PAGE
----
KRHO Honolulu 1944

KRHO was a powerful shortwave radio station broadcasting in English and Japanese languages to the Far Eastern Pacific region in the closing stages of WWII.

We continue our tour of the facilities by introducing Joseph Whitehouse, Engineering Director of the Central Pacific Operations. He supervised installation of the transmitter at Lualualei on Oahu. Operating at full capacity, Station KRHO, one of the most powerful shortwave stations in the world, was on the air 20 hours a day.

Ira Mercer, Chief Engineer is responsible for the maintenance and operation of all studio and transmitter facilities of KRHO.

Section of rhombic antenna system beamed to the Far East from the transmitter at Lualualei. It took the largest crane in the Hawaiian islands, the only one with a 120-foot boom, to erect these poles.

Joseph Whitehouse
© John C Seehaas Collection, Radio Heritage Foundation.
Ira Mercer
© John C Seehaas Collection, Radio Heritage Foundation.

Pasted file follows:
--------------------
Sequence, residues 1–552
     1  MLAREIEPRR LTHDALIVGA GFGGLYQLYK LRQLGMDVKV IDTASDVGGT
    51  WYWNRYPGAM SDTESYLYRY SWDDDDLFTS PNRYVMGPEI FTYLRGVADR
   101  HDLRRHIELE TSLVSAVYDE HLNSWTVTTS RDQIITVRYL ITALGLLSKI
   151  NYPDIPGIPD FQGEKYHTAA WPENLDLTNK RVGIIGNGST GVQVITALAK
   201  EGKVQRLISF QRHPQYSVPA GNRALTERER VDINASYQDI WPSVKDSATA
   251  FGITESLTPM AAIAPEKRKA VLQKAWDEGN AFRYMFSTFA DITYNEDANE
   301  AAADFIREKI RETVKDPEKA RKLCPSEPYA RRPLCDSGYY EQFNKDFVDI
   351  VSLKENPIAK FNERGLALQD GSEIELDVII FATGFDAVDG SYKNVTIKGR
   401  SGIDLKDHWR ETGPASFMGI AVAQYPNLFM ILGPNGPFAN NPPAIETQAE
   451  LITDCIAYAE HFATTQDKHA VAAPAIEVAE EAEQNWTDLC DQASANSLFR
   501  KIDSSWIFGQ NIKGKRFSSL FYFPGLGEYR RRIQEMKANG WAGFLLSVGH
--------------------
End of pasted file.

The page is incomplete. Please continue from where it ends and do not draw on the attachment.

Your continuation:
KRHO antenna system
© John C Seehaas Collection, Radio Heritage Foundation

Panel view of the 100kW transmitter at Lualualei, about 20 miles from Honolulu, on the west coast of Oahu, where Engineer James Bird was the studio supervisor.

KRHO transmitter
© John C Seehaas Collection, Radio Heritage Foundation.

Producer-Announcer Jack Hitchcock at Master Control gives the cue for a program rehearsal, and Engineer John Signer supervises the installation of broadcasting and recording equipment whilst engineers prepare a bank of record cutting lathes.

James Robert Bird
Jack Hitchcock

© John C Seehaas Collection, Radio Heritage Foundation.

John Signer
© John C Seehaas Collection, Radio Heritage Foundation.
KRHO record cutting lathes
© John C Seehaas Collection, Radio Heritage Foundation.

In the third part of this series, a visit to the radio broadcasting and news and features teams of KRHO Honolulu and sister station KSAI Saipan.

All images in this series are from an untitled OWI booklet in the collection of John C Seehaas, and the original of which is now held in the Radio Heritage Foundation Collection.

This material has been kindly made available by Bruce Portzer of Seattle who received it as a result of genealogy research undertaken by an Ebay on-line auction purchaser in the early 2000’s.

John Seehaas, who worked at OWI Honolulu, died in 1972.

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